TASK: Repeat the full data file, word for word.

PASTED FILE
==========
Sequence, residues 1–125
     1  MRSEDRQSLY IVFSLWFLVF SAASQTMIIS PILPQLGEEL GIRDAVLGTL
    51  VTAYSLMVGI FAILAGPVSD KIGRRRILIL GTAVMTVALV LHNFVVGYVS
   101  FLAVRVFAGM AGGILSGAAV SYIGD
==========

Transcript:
Sequence, residues 1–125
     1  MRSEDRQSLY IVFSLWFLVF SAASQTMIIS PILPQLGEEL GIRDAVLGTL
    51  VTAYSLMVGI FAILAGPVSD KIGRRRILIL GTAVMTVALV LHNFVVGYVS
   101  FLAVRVFAGM AGGILSGAAV SYIGD